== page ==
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Continuous Collision Detection

Discussion in 'Physics' started by Nanako, Feb 13, 2015.

  1. Nanako

    Nanako

    Joined:
    Sep 24, 2014
    Posts:
    1,047
    The problem is thus. When an object is moving extremely fast relative to another, relatively thin object, it can pass straight through without colliding. Here's a visual demonstration of how and why this happens:



    In this example, the ball starts on the far right in frame 1. In frame 2 it has moved a lot closer to the wall, and in frame 3, it has moved past the wall. The ball moves so fast that there is no frame where it intersects the wall, and so the engine fails to detect any collision between them at all.

    Now, unity has a solution to this problem, purportedly. Continuous collision detection. I'm not sure exactly how unity implements this, but i can tell you how it should work (and how i hope it does). I designed this solution independantly myself a few years ago, but i'm sure i'm not the first one to think of it.

    Firstly, remember that every object has a rectangular bounding box. Even a sphere. So physically our projectile can be represented like this:



    Note the grey box around.

    Now. As far as i understand, the basic principle of continuous collision detection is enabling functionally infinite and perfect collision resolution, on a per-object basis. This will obviously be more computationally expensive, but a lot more efficient compared to other solutions such as increasing the resolution of the entire simulation (by adjusting the fixed timestep). When done right, no object should ever pass through a wall without colliding, no matter how thin the wall, and no matter how small the bullet.

    Here's how:



    In this above example, we take the bounding box of the projectile, and onionskin it along the velocity path. Creating a chain of them where each exactly touches the previous one with no overlap. Here, frames 2.6 and 3.6 represent the final position of the object on frame 2 and 3 respectively. But rather than jumping there, the object would be iterated through however many steps of its own length (along the velocity vector) it would take to reach the target point. So during frame 2, you do 2.1, 2.2, 2.3, etc in order. At each step, check for collision with colliders around it.

    In this way, any obstacle in the path of the movement, no matter how small or thin, will be detected and properly collided with, and passing through walls becomes impossible. Fixed timestep becomes irrelevant, and an object of any size will resolve correctly (however the cost/processing time will rise linearly as the projectile's size drops) There's probably far more efficient ways to do this too, with raycasting maybe.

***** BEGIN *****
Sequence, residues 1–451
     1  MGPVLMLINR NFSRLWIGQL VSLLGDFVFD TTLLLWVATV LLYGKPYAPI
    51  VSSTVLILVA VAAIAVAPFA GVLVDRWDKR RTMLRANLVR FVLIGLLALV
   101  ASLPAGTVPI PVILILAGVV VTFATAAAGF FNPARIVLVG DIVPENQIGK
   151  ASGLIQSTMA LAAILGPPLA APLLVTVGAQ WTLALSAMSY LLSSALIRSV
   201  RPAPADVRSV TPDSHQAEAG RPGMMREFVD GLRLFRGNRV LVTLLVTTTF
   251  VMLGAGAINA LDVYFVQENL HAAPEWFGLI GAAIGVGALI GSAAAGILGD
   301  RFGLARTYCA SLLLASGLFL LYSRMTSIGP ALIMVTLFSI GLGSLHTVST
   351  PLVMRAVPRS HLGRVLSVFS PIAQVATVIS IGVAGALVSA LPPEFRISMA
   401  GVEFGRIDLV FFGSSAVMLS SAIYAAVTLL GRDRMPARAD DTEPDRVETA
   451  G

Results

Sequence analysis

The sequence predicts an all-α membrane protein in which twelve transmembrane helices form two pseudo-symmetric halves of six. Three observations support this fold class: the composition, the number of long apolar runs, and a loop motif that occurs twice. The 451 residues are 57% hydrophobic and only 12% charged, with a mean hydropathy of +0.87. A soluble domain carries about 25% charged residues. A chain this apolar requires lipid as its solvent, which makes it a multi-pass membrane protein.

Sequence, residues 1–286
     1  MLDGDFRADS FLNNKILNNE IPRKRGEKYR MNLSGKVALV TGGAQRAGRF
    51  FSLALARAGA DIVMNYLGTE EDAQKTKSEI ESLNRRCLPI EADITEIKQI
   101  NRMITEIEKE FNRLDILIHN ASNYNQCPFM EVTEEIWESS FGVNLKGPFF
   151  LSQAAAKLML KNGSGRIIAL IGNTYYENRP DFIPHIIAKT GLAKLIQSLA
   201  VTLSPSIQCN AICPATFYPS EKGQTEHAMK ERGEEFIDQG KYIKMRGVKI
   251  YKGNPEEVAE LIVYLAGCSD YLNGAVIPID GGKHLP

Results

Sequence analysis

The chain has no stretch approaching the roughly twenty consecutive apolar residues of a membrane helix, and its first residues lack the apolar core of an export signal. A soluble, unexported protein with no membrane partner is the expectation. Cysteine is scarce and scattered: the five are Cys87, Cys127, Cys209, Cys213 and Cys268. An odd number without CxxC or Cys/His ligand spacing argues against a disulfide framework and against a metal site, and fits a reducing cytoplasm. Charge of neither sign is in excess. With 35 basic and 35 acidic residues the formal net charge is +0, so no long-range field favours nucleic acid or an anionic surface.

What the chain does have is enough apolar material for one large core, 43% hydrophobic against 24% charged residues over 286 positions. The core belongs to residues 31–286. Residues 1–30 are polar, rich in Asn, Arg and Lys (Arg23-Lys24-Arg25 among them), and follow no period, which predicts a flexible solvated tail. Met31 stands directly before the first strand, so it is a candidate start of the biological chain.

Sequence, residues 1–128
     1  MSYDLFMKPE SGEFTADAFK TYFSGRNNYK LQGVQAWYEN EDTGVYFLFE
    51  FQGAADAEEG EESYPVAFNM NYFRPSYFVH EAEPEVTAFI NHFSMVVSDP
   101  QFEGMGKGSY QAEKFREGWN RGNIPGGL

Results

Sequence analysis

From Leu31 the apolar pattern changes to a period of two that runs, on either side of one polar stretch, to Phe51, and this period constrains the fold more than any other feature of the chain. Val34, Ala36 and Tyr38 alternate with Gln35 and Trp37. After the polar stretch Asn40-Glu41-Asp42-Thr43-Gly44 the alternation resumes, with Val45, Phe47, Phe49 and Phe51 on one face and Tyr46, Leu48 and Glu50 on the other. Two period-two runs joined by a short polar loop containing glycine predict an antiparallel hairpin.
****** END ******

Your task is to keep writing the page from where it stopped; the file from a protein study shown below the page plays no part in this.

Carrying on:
This is how i believe continuous collision detection should work, it's how it would work if i implemented it, and it's how i 'm hoping, that it DOES work. But is that correct, or not?


    According to the documentation here: http://docs.unity3d.com/ScriptReference/Rigidbody-collisionDetectionMode.html

    To implement continuous collision detection, i have to put ContinuousDynamic on my projectiles, and Continuous on objects i want to be able to intercept them. So that's What i've done.

    Now i'm standing here flinging cannonballs at a paper-thin wall. I've got it rigged up that the firing force of the ball charges up (infinitely, with no upper limit) as i hold the mouse button, and fires on release. At lowish speeds, the cannonball bounces off the wall, as i'd expect. At moderate speeds, they embed into the wall, and stick there like spitballs. At high speeds they just fly right on through and don't give a F***.

    I don't know what this option is doing, but it doesnt seem to be working
     
  2. hippocoder

    hippocoder

    Digital Ape

    Joined:
    Apr 11, 2010
    Posts:
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    On Unity 5 they work fine, I believe it uses a sweep test to determine this. Also on 5, it often won't use the more expensive path, and fall back to normal collisions for optimisation purposes (ie going really slow, something else won't hit it, etc).

    I never did get it working well on 4, unfortunately. I hate to ask, but have you considered upgrading to 5, it may well fix a lot of the problems you face.
     
    Nanako likes this.
  3. Nanako

    Nanako

    Joined:
    Sep 24, 2014
    Posts:
    1,047
    I'm a free user. Is that an option at present?
     
  4. hippocoder

    hippocoder

    Digital Ape

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    Can't be too long now we're around RC2.
     
    Nanako likes this.
  5. Deleted User

    Deleted User

    Guest

    What about raycasts?